Ina Steiner on EmailIna Steiner on LinkedinIna Steiner on Twitter
Ina Steiner
Ina Steiner
Ina Steiner is co-founder and Editor of EcommerceBytes and has been reporting on ecommerce since 1999. She's a widely cited authority on marketplace selling and is author of "Turn eBay Data Into Dollars" (McGraw-Hill 2006). Her blog was featured in the book, "Blogging Heroes" (Wiley 2008). Follow her on Twitter at @ecommercebytes and send news tips to ina@ecommercebytes.com.

7 thoughts on “Warning for eBay Sellers with PayPal Loans”

  1. HA HA Ebay would be the last place I would ever borrow from. They lie so bad they can’t be trusted for anything. My bank is more than willing to loan me any money I might need. Thanks but no thanks Ebay.

  2. Those loans are BS. Go to your bank. The loans paypal, and probably ebay end up being anywhere from 12-22%. Go to your bank you will get %7, and on top if it with the bank if you pay it off quicker it costs you less. PP and ebay you pay a flat fee, so there is no Int. rate (you pay no matter weather you pay fast or slow).

    1. i borrowed $11,000 and paid a $886 origination fee which is about 8% interest.
      Pros:
      -no credit check [if my credit was jacked-up, i’d still qualify based on my PP sales performance]
      -no hard inquiry on my credit file, nor does it show up at all
      -online app took 5-minutes
      -my paypal account was funded on a Saturday night at 10PM (can you go to a bank at 10pm and get an instant loan)
      -my paypal debit card gives me INSTANT access to my funds immediately
      -1.5% cash-back on all purchases for new inventory, so, that basically reduces the “interest rate”
      the finance charge will NOT increase if i take longer to pay it back
      -i make sales everyday, so, im making a repayment everyday

      Cons:
      –30% per sale repayment fee

      i can only assume that you’ve never actually had a PPWC loan before

    2. My experience with PPWC is similar to @eyeflipdaily. Very easy to get the funds, not too painful to pay back, decent interest rate. Just skipping all the income / sales history / tax returns / references / past loan history stuff was worth it. I use the funds to buy large collections when they become available, and the profits from that pay the interest several times over. Works great to me. Or used to. We’ll see how that sorts out going forward into the MP age.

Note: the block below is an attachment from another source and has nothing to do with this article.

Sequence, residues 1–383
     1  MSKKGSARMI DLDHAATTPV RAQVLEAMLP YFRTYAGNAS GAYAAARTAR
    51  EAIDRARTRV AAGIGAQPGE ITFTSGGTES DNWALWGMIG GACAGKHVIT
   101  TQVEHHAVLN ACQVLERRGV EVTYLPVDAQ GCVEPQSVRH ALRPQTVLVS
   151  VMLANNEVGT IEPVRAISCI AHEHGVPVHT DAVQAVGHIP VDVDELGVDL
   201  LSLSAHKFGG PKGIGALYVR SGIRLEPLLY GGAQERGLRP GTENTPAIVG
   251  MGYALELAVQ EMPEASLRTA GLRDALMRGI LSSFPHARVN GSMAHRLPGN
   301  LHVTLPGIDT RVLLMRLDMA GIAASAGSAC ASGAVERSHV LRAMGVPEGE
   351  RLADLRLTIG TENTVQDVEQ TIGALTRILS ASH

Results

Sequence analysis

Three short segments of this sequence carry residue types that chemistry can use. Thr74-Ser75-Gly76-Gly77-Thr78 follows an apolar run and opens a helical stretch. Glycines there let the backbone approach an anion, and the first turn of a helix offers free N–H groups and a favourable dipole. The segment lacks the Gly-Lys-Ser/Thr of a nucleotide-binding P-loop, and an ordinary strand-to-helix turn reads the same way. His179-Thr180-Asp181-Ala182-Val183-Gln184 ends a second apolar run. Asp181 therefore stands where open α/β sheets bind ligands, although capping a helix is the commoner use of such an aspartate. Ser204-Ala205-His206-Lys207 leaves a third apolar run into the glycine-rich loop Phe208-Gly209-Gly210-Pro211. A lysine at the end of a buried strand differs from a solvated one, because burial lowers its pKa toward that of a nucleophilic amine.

3. Banks are a pain in the ass when it comes to getting loans if you’re an online seller !, they want to nit pick every little detail of every word of every sentence, in search of the slightest thing they can find to reject you for !, Plus, you can walk in with 200k Worth of sales reports and Paypal statements, and its meaningless to them, the ONLY thing they care about is “where’s your tax returns ?”, So if you filed an extension or haven’t gotten them done yet, tough crap for you, No money, have a nice day !. Paypal working capital loans are WAY easier, or atleast they WERE before they got dropped by Ebay, we’ll have to see how things materialize in the near future, But I’ve borrowed about 100K in working capital loans over the last 10 years from them and never had any issues, I sell more than enough stuff monthly to cover the payments, and its MUCH easier and effortless to just set them on auto-deduction so that it takes a small percentage of every ebay sale until its paid off, I can have the average 10k Loan paid off in 3 months or less, with it only taking 10% of each item sold, So now that Ebay decided to screw things up and drop them, how are they supposed to guarantee you these big loans of 30K or more without knowing how much you’ve sold in the last 12 months, and without being able to withdraw from each sale ?. I highly doubt that Ebay is gonna step-up and start offering to give us 30k at a time, Nor would we take it without checking every word of the contract beforehand, the way that ebay has been stiffing sellers the last 2 years, with this huge emphasis of kissing the asses of buyers and telling sellers to shut up, sit down and obey, it would be only a matter of time before they would use those loans as leverage to start intimidating sellers into doing what they want “or else”. Plus as far as the fees are concerned with the former paypal loans, I borrowed 33K back in 2016 and the payback amount was 36k, it was a total of 3k for the fee, which even if it is a little higher than a bank might be, its worth it to avoid the aggravation, and not have to go out of your way to spill your whole life story and a pound of documents for the people at the bank, Just log on, let paypal scan your gross sales for the last 12 months, and then see what the system offers, it will say your guaranteed up to X-Amount, you choose the amount you want, agree to the terms and the money gets put in your account within minutes or less, and there’s no worrying about having to pay a minimum monthly payment like you would with a bank, if you sell much less than usual one month, no big deal, and if you sell much more than usual, then great, you paid a little more towards your loan than you did last month, and you had it to pay, so it wasn’t a big deal.